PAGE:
Originally published 25 May 2012

This weekend, the 12 month grace period for compliance with the new EU cookie rule comes to an end.

On the 26th May last year the UK implemented new EU rules (Directive 2009/136/EC) regarding the use of internet text-files called 'cookies' through the Privacy and Electronic Communications (EC Directive) (Amendment) Regulations 2011. Prior to implementation, the Information Commissioner's Office ("ICO") published guidance on how businesses should implement the Regulations, and confirmed that it would give website owners 12 months to comply with the new law. As this 12 month period comes to an end the ICO has commented on its plans for enforcement.

Under the Regulations, website providers, that store cookies on website users' devices so that the website can recognise the user's device in future, now need to receive explicit consent from users prior to the use of cookies. The ICO guidance advises website operators to carry out a cookie audit to assess both the types of cookie used and how intrusive those cookies are. It also provides examples of possible methods of gaining consent. Many businesses, however, remain uncertain as to the best method to obtain consent and, as such, have yet to implement a procedure to allow them to gain consent.

In terms of enforcement the ICO has a range of options available including the ability to issue Information Notices, Enforcement Notices and can also request that businesses sign undertakings. Under the Regulations, the ICO also has the power to impose financial penalties of up to £500,000 for serious breaches.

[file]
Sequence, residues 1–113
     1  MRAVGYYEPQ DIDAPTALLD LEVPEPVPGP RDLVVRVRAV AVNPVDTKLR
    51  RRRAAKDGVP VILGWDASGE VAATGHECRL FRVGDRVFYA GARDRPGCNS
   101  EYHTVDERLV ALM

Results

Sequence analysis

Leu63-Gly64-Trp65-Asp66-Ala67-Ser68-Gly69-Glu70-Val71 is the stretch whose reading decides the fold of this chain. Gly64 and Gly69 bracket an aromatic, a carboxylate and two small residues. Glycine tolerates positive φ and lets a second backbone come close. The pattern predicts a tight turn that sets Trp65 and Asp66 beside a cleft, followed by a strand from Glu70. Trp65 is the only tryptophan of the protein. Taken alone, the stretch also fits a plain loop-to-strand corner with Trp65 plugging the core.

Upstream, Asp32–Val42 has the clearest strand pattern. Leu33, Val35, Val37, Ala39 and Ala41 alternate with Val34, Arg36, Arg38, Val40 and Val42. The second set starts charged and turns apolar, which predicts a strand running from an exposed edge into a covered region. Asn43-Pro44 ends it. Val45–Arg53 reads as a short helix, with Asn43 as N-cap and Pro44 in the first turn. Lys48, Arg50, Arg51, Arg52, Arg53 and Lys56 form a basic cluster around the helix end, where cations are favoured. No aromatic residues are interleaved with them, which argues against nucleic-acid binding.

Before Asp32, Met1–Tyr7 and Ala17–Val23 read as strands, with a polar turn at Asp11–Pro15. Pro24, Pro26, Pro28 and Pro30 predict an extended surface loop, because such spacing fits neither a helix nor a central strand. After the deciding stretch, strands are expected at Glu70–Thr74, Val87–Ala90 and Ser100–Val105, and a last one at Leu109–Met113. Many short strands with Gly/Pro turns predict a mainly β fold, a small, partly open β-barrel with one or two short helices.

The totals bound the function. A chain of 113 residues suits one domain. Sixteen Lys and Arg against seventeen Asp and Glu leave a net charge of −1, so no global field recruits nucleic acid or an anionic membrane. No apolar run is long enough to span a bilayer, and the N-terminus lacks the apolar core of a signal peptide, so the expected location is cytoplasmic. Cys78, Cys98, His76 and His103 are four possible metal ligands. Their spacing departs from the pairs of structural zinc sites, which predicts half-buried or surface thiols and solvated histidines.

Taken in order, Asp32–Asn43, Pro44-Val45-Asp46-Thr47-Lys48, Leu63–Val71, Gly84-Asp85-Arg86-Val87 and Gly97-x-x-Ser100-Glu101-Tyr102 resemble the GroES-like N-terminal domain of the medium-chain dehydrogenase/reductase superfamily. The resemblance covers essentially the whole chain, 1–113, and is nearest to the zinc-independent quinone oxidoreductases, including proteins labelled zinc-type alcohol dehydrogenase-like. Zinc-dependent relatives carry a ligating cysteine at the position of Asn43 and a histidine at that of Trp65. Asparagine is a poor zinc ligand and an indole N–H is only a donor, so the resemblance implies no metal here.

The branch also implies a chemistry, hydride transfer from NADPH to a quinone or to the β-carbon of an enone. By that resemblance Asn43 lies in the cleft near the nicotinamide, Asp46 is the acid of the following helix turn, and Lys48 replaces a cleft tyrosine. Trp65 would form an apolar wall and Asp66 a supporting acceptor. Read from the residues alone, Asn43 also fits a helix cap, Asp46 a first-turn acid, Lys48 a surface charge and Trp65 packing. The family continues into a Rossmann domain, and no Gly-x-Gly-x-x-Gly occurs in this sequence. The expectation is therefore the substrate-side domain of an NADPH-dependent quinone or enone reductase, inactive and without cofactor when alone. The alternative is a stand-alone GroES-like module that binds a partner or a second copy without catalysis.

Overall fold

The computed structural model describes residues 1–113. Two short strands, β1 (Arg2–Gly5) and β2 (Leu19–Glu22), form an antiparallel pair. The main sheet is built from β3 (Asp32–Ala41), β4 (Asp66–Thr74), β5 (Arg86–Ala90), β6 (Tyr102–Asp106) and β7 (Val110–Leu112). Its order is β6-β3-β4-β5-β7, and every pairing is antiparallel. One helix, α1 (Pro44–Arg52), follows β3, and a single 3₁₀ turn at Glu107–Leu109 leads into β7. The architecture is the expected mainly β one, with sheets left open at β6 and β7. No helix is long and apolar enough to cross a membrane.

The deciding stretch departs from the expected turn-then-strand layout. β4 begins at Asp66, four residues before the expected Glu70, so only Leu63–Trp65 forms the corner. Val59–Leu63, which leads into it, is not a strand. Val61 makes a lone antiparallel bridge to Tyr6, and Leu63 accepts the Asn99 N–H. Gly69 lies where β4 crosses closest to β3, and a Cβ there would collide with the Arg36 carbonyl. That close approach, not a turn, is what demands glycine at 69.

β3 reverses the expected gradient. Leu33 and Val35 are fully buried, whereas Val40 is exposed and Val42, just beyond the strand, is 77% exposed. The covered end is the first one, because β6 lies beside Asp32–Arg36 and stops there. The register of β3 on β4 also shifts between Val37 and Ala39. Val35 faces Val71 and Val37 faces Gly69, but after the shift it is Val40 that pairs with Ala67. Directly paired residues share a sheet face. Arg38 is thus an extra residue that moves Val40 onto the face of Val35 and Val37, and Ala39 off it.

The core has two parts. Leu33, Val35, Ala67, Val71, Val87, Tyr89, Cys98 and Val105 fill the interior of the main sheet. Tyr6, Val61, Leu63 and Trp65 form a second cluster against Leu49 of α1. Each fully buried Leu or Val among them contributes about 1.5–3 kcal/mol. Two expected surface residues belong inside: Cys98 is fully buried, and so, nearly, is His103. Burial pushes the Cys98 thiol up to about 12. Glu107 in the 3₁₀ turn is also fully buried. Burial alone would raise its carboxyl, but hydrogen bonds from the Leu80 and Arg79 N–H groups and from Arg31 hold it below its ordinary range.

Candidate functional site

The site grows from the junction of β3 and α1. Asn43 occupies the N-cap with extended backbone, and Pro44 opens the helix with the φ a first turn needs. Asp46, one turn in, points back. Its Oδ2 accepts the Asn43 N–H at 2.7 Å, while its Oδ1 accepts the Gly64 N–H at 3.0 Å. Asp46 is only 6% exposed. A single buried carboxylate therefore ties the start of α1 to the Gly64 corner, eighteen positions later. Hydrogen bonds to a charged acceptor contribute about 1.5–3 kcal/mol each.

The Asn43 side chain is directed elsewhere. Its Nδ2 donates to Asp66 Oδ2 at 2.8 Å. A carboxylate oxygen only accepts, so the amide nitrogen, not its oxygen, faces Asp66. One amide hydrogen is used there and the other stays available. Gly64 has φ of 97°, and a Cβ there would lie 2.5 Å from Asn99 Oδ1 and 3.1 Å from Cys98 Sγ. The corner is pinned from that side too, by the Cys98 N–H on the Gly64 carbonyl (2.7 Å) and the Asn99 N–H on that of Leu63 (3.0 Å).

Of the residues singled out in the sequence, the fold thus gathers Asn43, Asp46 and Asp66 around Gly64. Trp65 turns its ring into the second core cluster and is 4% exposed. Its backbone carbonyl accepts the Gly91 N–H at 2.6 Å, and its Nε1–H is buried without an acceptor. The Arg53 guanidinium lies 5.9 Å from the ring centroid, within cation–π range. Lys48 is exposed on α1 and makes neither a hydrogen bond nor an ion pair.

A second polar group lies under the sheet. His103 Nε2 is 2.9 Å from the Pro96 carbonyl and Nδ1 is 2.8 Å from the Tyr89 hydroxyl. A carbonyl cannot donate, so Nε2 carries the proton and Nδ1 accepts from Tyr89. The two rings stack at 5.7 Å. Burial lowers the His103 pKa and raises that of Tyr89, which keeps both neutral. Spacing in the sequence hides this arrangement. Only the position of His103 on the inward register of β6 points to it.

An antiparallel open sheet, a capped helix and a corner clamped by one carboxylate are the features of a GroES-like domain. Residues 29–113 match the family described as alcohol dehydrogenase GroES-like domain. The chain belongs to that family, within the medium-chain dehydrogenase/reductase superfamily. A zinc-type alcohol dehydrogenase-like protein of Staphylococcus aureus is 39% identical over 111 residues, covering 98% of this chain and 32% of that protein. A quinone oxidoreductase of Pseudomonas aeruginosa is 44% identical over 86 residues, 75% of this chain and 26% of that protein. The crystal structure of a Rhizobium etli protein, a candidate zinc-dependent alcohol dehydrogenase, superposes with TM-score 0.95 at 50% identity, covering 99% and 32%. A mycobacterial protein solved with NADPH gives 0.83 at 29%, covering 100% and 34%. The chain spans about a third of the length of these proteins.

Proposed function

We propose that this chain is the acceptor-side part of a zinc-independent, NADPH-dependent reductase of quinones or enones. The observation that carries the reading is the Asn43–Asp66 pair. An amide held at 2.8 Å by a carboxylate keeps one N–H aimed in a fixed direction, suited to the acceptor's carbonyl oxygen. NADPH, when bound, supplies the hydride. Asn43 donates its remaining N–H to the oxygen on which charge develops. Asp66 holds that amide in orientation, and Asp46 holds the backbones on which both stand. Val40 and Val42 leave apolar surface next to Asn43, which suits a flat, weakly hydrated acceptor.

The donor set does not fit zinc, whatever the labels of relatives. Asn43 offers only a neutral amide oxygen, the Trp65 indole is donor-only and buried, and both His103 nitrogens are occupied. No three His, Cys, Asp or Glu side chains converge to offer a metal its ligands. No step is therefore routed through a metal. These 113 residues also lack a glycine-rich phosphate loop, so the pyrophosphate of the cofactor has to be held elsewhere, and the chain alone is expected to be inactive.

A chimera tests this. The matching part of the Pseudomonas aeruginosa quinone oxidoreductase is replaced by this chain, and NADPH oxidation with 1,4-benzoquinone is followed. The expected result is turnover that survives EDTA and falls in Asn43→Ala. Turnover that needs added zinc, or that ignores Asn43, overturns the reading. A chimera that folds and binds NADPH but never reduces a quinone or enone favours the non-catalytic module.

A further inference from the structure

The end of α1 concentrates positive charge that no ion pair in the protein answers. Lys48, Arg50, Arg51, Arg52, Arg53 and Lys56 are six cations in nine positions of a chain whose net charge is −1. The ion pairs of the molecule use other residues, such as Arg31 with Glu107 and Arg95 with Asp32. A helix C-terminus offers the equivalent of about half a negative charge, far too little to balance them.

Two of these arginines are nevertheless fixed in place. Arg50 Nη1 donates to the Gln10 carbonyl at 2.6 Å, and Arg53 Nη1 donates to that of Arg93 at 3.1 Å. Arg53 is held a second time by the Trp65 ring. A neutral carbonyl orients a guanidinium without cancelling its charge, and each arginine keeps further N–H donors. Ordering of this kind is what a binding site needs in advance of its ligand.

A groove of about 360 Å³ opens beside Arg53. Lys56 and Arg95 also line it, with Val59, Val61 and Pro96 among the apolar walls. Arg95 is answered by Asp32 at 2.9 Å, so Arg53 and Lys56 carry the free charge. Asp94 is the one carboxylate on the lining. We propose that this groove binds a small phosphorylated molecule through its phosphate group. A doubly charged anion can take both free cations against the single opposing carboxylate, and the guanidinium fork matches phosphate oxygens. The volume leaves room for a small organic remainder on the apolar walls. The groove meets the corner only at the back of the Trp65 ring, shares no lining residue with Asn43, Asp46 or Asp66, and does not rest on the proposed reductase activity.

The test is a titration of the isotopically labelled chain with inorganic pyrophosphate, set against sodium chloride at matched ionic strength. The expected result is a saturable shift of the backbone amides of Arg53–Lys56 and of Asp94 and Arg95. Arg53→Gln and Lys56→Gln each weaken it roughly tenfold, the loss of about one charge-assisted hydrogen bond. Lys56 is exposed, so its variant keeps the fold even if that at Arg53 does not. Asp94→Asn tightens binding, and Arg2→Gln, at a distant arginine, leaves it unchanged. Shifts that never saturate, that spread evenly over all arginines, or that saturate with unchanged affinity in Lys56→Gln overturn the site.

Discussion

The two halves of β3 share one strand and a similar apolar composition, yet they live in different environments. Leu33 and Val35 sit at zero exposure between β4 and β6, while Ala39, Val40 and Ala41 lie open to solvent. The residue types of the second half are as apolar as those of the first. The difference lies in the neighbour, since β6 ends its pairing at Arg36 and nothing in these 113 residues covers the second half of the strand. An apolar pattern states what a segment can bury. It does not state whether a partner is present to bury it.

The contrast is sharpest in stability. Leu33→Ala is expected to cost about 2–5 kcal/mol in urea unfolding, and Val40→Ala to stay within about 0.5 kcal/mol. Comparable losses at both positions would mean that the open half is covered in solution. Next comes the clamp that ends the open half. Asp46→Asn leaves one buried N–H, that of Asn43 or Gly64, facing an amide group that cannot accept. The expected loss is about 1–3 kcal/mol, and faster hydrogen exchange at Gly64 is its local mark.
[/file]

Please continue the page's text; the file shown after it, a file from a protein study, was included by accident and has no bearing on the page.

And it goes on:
The ICO has made various comments recently regarding their approach to enforcement. Their guidance on the matter confirms that "enforcement will be practical and proportionate" and that any formal action must be a "proportionate response to the issue it seeks to address".  With regard to monetary penalties the guidance states that "monetary penalties will be reserved for the most serious of breaches."

© MacRoberts 2012


The material contained in this article is of the nature of general comment only and does not give advice on any particular matter. Recipients should not act on the basis of the information in this e-update without taking appropriate professional advice upon their own particular circumstances.